The City of Logan never ceases to amaze with the amount of talent that is within the city limits and artist Caleb Jones is one of those who has a skill for telling a story with paintings.
This Easter, Caleb will be holding his first exhibition at the Rhema Family Church in Springwood showcasing his collection of paintings and visual displays which illustrate key parts of the Easter story from the perspective of Jesus.
The pieces have been developed from a first-person perspective, rather than that of a bystander, giving attendees a deeper insight into Jesus’ experience. The collection begins at Palm Sunday and continues through to the resurrection.
The free exhibition opens on April 1 and goes over three days of Easter with an open invitation to everyone. It is expected that the gallery will take approximately 30-45 minutes to walk through.
The man behind the artwork is vast with experience and he sat down to talk more about who he is what his artwork means.
Caleb Jones 28 years old and completed a Bachelor of Counselling before working as a Youth Worker for a not-for-profit organisation supporting young people. Caleb and his wife Chauntelle have led a youth ministry in their local church for a number of years and have ministered locally and abroad in Papua New Guinea, South America, Eastern Europe and South Korea.
What was the inspiration behind the artwork?
Whenever I’ve visited galleries and exhibitions, I’ve been drawn to the pieces that shift my perspective and force me to consider something in a different way. I find the power art has to provoke revelations both exciting and exhilarating. My hope is that people who are familiar with the Easter story view this collection and are surprised by the number of intricacies they had never before considered.
How did you come up with the idea of painting in this perspective?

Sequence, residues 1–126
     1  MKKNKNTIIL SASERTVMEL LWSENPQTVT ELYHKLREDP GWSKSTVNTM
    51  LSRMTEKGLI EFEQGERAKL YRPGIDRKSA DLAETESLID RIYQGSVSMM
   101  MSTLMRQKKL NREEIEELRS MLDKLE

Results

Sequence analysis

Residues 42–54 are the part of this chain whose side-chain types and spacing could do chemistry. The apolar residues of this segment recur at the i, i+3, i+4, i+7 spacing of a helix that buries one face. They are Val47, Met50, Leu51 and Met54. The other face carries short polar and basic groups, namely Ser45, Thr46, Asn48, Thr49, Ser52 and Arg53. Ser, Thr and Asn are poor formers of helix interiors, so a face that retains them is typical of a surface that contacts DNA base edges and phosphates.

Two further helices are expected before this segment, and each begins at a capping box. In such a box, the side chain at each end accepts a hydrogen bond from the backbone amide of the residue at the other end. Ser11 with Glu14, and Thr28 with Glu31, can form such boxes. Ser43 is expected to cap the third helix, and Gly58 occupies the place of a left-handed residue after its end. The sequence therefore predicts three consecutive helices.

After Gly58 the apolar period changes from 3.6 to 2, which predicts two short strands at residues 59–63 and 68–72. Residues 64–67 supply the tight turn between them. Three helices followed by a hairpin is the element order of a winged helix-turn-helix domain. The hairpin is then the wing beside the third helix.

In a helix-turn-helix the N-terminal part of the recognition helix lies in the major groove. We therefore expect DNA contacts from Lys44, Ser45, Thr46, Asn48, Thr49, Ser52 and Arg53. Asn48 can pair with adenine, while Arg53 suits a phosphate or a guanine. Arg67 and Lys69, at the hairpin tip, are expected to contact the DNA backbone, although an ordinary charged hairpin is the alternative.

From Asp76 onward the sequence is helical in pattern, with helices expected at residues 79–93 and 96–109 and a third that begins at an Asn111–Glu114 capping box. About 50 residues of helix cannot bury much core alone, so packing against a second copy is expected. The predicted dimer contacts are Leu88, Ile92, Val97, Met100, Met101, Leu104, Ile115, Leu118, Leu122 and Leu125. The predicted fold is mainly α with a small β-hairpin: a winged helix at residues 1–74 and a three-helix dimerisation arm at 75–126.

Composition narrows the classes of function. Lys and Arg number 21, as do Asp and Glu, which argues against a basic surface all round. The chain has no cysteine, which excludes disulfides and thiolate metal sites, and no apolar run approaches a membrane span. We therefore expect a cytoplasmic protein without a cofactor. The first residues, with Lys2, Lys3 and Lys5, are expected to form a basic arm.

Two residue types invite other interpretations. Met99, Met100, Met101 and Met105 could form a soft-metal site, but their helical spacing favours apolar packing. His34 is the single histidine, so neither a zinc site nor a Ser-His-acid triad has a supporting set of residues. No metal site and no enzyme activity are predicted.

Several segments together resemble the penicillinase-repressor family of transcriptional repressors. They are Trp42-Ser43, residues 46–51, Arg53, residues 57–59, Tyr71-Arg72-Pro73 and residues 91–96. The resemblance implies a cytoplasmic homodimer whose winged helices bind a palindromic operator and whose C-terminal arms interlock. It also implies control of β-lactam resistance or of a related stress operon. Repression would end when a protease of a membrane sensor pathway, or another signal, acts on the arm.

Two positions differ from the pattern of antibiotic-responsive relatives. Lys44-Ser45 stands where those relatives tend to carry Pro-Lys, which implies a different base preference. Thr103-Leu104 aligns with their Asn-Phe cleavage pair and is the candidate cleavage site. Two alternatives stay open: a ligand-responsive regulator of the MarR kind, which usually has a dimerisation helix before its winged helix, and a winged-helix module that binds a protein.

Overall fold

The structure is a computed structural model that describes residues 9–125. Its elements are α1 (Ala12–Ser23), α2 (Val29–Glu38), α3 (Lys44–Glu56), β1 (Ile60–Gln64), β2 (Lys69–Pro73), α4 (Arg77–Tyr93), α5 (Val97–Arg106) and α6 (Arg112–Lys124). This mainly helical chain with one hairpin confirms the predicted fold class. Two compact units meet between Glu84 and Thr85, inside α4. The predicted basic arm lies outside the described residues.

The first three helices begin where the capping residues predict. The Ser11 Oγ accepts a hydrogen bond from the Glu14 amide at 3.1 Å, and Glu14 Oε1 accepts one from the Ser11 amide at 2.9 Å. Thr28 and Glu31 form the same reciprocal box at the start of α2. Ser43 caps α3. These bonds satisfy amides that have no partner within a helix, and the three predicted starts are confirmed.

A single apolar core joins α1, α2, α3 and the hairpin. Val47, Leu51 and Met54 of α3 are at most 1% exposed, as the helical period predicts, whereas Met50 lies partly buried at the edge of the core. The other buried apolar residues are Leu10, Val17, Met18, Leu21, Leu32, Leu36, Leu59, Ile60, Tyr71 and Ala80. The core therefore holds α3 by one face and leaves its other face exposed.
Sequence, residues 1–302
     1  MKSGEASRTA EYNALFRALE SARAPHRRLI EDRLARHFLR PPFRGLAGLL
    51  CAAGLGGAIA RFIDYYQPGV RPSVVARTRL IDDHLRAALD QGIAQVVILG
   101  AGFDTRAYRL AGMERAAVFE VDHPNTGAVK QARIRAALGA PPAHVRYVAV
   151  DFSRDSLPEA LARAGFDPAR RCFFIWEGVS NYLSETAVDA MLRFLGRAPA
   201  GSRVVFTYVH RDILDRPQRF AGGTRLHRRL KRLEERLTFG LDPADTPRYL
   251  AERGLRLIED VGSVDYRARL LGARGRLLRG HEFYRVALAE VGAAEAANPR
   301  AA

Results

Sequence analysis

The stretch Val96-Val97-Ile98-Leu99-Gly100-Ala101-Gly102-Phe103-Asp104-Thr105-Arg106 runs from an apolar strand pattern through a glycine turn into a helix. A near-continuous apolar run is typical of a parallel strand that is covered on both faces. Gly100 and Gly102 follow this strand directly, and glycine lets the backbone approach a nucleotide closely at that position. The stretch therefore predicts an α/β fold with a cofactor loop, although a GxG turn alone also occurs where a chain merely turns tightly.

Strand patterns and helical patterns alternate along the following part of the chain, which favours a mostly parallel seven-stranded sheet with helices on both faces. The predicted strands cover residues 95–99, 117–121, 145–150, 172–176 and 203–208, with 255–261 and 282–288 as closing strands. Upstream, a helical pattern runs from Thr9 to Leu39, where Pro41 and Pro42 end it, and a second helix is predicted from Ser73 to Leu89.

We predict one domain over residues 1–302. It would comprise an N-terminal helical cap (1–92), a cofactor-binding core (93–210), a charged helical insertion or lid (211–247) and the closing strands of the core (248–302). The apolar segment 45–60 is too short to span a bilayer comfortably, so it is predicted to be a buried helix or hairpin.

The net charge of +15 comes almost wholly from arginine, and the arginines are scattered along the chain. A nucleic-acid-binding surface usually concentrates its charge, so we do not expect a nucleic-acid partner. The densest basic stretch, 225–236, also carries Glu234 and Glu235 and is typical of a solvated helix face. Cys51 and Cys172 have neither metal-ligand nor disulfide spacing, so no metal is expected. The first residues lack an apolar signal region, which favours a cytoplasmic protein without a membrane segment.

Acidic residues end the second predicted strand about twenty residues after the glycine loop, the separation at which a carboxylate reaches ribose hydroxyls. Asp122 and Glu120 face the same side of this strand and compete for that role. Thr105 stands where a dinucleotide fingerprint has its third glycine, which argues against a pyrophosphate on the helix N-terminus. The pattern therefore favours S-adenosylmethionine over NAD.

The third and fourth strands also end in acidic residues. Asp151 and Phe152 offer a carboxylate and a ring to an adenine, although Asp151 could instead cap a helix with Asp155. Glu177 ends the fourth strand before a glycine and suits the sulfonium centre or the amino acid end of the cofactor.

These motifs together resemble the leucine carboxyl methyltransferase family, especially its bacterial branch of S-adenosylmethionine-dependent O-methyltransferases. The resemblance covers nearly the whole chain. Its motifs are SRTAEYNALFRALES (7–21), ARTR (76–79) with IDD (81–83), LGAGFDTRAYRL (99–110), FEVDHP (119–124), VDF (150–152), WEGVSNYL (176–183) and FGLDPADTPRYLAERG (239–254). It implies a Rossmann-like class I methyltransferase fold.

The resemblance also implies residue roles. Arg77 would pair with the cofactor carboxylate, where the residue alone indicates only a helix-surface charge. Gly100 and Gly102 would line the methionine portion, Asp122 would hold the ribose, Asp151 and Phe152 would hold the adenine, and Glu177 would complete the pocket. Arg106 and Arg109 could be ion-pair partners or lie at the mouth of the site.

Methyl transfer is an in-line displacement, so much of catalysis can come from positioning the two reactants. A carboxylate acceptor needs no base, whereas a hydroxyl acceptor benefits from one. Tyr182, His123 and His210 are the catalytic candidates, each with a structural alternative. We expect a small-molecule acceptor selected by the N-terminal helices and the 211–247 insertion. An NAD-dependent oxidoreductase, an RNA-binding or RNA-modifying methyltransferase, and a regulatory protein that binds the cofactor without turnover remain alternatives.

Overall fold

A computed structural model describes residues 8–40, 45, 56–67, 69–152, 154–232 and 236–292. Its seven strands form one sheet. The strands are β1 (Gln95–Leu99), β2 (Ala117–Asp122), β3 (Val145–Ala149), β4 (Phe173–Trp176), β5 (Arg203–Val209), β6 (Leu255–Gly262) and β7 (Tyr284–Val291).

I start every painting by imagining the scene from multiple viewpoints. I’ve found that this helps me to capture the essence of a story more fully. As a visual learner, I have always applied the same process when reading text. As I read passages of the Easter story a couple of years ago, I was picturing what Jesus would have seen from his angle and started to wonder how that could look in a creative display.
What does this exhibition mean to you?
This is my first exhibition as an artist and so it is an incredibly special experience for me. I have sold many paintings to individual customers, but never had a collection on display like this before. I have always loved visiting art galleries as a patron (a personal favourite is MONA is Tasmania), and I have greatly admired pieces by hundreds of other artists. This exhibition feels like my chance to give back to the community for all the inspiration and enjoyment I’ve received from others’ work.
Why is supporting the New Hope for Children Orphanage in Nepal special to you?
When I was 17 years old, I travelled to Eastern Europe and volunteered in a number of orphanages. I was completely touched by the generous work of those in developing countries, who sacrifice so much themselves. I have since taken 8 more trips to orphanages around the world, meeting beautiful children, each with stories of such pain and heartache. I could not imagine a more worthy cause to donate all proceeds of this exhibition to, then to support those who have so little, yet are the most positive and inspiring people I know.
Have you displayed your artwork elsewhere before?
While this is my first exhibition, I was privileged to display two of my works in the 2020 TSS Art Show on the Gold Coast. I also have a number of pieces currently on display in local cafes in Logan City.
Tell us something about you that is interesting.
• The exhibit aims to engage the audience in a number of ways. For example, there will be a live painting on one day, a gift shop with handmade trinkets and a children’s activity to cater to the whole family.
• My favourite piece in the collection is ‘Triumphal Entry’ (attached) because of the deep, earthy colour palette and the intimacy of the angle. It is an incredibly significant moment and catalyst of the Easter story.
• I have created a replica of the Roman ‘cat o’ nine tails’ whip that will be on display in the exhibition. This was the most challenging piece to develop as I found the research around historical torture methods quite confronting and extremely barbaric.
The Easter Experience exhibition runs 1st April, 6pm-9pm (Opening Night), 2nd April, 10am-9pm (Good Friday) and 3rd April, 10am-3pm (Easter Saturday) at Rhema Family Church, 19 Tolmer Place, Springwood.